A calculated risk is a risk that is taken after careful consideration of risk probability, risk impact and rewards. This can be contrasted with risks that are taken unknowingly or without much of an evaluation based on optimism or a lack of due diligence. The following are illustrative examples of a calculated risk.
InvestingGenerally speaking, investing without a firm understanding of the risks can be viewed as speculation. Investors who take calculated risks compare investments in terms of risk/reward ratios as opposed to focusing on the rewards. For example, an individual investor is attracted to a telecom company for its 6% dividend yield. They consider risk in areas such as business risk, financial risk, liquidity risk and inherent risk and conclude the firm is relatively low risk as compared to the rest of the market. As such, the investor takes a calculated risk with a small investment in the stock.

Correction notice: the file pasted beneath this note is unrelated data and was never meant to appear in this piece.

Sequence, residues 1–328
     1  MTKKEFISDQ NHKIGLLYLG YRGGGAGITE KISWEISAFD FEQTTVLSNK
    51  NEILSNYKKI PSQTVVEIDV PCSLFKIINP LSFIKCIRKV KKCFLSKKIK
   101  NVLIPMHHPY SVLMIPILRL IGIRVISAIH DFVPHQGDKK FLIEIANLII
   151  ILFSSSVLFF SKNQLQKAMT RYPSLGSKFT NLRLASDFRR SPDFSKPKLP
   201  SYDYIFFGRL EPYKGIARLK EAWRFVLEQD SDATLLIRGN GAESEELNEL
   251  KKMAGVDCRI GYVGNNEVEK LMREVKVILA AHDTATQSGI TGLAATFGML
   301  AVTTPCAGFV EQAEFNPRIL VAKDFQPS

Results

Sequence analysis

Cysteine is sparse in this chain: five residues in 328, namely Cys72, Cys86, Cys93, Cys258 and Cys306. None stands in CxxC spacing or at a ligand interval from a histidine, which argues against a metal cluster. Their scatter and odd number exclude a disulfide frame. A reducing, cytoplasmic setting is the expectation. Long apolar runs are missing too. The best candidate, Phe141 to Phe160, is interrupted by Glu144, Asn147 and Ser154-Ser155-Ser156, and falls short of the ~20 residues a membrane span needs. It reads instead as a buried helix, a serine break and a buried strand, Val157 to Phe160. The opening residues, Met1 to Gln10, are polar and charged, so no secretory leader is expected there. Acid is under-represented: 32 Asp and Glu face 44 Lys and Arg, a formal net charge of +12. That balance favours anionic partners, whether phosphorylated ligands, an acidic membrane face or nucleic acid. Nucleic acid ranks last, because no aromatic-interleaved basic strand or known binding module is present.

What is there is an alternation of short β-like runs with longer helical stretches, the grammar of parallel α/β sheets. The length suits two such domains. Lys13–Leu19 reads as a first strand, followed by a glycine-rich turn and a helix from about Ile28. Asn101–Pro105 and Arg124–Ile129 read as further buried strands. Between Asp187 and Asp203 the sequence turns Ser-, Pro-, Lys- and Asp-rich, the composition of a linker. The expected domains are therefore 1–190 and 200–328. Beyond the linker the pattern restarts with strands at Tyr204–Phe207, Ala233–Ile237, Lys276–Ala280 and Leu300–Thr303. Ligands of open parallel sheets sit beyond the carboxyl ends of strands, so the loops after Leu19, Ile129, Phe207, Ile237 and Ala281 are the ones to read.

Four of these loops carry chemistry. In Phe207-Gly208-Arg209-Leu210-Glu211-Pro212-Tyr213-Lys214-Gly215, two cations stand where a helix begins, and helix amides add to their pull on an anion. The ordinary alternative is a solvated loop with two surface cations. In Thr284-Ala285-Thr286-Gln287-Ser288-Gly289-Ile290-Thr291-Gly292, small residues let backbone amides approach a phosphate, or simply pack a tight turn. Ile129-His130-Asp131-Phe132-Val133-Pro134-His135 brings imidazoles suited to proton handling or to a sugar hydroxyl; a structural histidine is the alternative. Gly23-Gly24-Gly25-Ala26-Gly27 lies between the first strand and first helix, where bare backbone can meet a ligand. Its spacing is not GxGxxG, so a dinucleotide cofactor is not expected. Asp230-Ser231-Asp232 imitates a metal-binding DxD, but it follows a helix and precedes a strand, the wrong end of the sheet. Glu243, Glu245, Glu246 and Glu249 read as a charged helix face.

A big wave surfer regularly enters turbulent ocean conditions that would be dangerous to the average person. They reduce risks by tuning their skills, staying in top physical condition, mental preparation, sufficient rest and careful consideration of everything that could go wrong with plans to survive each scenario. They never surf alone and always watch conditions for several minutes before entering the water. The surfer still faces safety risks but these risks are calculated as much has been done to mitigate risk.
BusinessAn entrepreneur starts a business that has a 95% probability of failing. They go into the venture fully accepting this reality and constrain their investment to a level they can afford to lose. The entrepreneur finds ways to start small and doesn't quit their day job until they make significant progress that reduces the risk of failure.
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